Monday, October 19, 2009

Young-il Toy Convention

I have been working for weeks on this lesson plan, and finally put it into the implementation stage today. The idea: an information gap activity taking place at a toy convention where manufacturers' reps are pushing their product on store buyers. The buyers have to find out about safety-testing, incentive programs, recommended ages, etc, and the ones manning the product booths have to find out about the store's price point, customer base, etc. I thought it would be more interesting for high school boys than a pretend supermarket.

I created eight booths, for eight products, along with company names and logos, product flyers and the like. It was a lot of work. Here is the booth set up:

Inexpensive, quality toys with no batteries required are tough to find here, but I managed to get eight items that I could live with, including a magnetic tangram board, a Rubik's cube in a coin bank, a doctor kit, and some plastic animal playsets in little suitcases. If I could have found some marbles, I'd have nine!

The co-teacher picks eight mature students with good English skills to man the booths; the others are given a worksheet with a unique identity, a store and a set of requirements (age range, price, etc) they are trying to fulfill. Of course, everyone has a match, if they can find it.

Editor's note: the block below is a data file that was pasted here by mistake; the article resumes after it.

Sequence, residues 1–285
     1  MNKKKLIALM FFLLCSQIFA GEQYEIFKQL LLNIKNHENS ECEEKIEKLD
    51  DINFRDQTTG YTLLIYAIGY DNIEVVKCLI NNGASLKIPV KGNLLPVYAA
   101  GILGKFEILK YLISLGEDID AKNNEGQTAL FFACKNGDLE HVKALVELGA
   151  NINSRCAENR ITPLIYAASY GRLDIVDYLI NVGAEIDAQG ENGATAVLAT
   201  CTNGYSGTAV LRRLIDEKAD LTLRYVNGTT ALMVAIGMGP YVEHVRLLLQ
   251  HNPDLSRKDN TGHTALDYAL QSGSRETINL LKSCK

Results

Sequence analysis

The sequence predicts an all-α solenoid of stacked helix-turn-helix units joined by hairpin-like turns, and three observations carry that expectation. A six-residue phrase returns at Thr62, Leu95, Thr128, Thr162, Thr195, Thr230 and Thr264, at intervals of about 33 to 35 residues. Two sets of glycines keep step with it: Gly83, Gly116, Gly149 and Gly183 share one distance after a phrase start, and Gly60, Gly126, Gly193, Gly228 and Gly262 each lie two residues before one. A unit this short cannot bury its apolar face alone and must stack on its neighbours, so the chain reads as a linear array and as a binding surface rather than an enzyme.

It's easy to catch a cheater (and there are cheaters, since they believe filling in the sheet is more important than practising English), because if "Sam Spade" interviewed at "Scientific Fun" his info will be on the manufacturer's rep. worksheet.

It went okay, but the real test is tomorrow, fifth period. There's a handful of unmotivated smart-alecks, but they often ruin it for everyone. And my co-teacher is the most inexperienced of the bunch. Stay tuned.

1 comment:

George Bailey Sees The World! said...

This looks like a lot of fun. I would love to do a lesson exchange with you before our winter camps arrive. I'm thinking there could be some decent cross-over. You might enjoy my "Killing Rasputin" lesson. It's perfect for the winter.